By contrast, Stewart-Cousins, a suburbanite, whose district was 43% white (and was recently more so) and 17% black, and presents a very good public face, was the ideal candidate to be put forth by white Senators looking for a black frontperson.

She was pretty much the only choice.

The scenario is a familiar one. A group of white Senators want to coup the leader, but know it doesn’t quite add up for them

In 2002, it was Marty Connor, whose strongest supporters included most of the minority Senators.

But the 2002 defeat of State Comptroller Carl McCall left the NYS Dems without a high statewide black elected official. Seeing the opportunity, the white rebels convinced Marty Connor’s Deputy, David Paterson, to challenge him for the leadership. Paterson was such a reluctant player that after he had it virtually in his pocket, he succumbed to pressure and sent out a letter saying he was not a candidate and supported Connor.

But between his white supporters and the pushing (and arm-twisting) of Al Sharpton and others in the community, Paterson became leader, fronting for the likes of Liz Krueger and Eric Schneiderman (I really should do a piece on this, and maybe I will over the holidays).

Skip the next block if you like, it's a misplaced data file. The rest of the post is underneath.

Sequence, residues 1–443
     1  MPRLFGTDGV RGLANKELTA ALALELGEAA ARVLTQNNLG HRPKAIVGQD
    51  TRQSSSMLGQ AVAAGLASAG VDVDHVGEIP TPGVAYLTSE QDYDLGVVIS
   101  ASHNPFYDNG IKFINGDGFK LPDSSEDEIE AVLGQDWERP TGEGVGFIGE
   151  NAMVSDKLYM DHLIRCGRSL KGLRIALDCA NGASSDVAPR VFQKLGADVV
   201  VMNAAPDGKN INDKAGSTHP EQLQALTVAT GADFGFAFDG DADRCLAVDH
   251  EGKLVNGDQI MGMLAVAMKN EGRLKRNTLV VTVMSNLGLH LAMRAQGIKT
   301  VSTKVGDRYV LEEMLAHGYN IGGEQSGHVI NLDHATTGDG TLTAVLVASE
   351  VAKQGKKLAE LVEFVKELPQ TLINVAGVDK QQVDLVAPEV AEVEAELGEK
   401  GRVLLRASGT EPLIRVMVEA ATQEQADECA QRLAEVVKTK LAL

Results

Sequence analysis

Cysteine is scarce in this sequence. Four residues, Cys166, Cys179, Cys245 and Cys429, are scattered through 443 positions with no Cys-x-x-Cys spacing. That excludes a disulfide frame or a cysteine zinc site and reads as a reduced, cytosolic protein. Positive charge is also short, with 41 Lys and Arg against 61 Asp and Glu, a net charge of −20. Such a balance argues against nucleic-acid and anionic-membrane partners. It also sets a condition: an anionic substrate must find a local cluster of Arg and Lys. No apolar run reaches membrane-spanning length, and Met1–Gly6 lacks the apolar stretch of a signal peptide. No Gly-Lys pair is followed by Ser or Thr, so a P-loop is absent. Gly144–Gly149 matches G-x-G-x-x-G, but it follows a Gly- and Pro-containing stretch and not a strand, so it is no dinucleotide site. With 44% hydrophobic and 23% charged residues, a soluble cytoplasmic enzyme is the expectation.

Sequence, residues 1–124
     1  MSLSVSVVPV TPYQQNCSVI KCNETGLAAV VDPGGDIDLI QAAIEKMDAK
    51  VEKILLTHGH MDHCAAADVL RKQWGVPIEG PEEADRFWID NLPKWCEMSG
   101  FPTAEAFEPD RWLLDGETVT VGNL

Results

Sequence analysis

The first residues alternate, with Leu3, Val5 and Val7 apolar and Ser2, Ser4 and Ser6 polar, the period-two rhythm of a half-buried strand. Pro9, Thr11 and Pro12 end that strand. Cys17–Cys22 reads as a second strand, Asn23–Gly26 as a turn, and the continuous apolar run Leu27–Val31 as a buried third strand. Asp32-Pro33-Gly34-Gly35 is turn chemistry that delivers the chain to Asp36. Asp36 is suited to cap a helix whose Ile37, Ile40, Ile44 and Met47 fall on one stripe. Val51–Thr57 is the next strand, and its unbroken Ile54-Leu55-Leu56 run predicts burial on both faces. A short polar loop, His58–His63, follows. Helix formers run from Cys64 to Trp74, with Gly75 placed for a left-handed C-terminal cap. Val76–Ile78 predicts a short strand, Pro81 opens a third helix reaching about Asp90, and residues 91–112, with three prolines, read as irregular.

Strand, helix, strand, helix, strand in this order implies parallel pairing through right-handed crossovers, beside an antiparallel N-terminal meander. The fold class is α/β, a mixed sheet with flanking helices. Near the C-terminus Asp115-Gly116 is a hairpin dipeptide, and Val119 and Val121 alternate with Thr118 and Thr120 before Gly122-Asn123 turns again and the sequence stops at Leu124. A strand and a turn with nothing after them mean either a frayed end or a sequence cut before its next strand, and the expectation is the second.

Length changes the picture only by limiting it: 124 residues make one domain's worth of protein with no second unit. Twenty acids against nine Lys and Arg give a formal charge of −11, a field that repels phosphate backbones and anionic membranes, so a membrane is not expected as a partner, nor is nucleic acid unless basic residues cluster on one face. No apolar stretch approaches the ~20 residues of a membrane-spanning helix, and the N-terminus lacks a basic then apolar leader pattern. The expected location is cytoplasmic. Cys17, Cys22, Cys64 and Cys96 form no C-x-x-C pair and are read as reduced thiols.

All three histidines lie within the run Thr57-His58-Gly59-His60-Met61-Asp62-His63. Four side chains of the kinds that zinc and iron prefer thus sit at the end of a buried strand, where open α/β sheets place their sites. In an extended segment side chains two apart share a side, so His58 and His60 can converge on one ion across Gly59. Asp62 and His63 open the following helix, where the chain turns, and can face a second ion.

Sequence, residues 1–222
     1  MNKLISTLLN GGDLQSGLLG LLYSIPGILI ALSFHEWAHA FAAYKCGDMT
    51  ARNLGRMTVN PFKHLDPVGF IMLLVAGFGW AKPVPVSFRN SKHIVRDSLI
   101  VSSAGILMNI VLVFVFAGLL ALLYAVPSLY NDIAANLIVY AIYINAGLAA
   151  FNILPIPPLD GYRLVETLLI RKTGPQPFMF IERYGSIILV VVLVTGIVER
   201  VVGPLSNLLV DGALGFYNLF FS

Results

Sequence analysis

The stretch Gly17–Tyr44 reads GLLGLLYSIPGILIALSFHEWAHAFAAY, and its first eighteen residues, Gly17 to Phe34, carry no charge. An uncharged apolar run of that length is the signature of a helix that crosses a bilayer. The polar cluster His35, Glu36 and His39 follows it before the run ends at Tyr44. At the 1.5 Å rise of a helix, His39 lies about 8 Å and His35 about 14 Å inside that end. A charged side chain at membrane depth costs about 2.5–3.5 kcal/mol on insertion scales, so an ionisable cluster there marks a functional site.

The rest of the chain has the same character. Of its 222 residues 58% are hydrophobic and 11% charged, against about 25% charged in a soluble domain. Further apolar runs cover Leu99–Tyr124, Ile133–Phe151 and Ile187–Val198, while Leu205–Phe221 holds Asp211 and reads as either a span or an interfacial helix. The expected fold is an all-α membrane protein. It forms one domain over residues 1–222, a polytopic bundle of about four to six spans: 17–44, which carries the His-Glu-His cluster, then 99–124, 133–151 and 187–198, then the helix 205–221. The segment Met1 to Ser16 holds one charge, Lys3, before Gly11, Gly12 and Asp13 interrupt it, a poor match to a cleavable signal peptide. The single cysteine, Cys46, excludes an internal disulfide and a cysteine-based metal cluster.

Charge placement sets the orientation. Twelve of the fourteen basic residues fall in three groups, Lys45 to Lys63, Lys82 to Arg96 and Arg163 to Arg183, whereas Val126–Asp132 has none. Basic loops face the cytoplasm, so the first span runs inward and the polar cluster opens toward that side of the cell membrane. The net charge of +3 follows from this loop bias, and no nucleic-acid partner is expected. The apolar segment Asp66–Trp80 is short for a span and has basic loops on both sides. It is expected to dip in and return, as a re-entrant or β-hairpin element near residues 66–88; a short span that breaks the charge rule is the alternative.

This year, the victim was black, and the vote combination was quite different, but once again someone black was fronting for Liz Kruger, this time in tandem with Mike Gianaris.    

I’ve been saying it should be Stewart-Cousins for months, I kick myself for not printing it.

The only problem is they should have done it months ago. Now, it’s almost pointless. At this point, I think they might have saved more face sticking with Sampson.

Which is probably the prime reason I didn’t post it last week, even though I’ve been saying it at all the best parties.

I can’t disagree with the assertion that Stewart-Cousins presents a better image for the Sen Dems, and image is a big part of their problem. But, I suspect that, at best, this move will just mask the Conference's racial tensions, and, at worst, will make them worse.

Moreover, unless Stewart-Cousins offers to make Jeff Klein the Senate's sole President Pro Tem, she isn’t getting the IDC to organize with the Democrats. 

And, I don’t think Stewart-Cousins will get Simcha Felder’s vote for the Dems even if she promises to ban pork (and I don’t mean member items).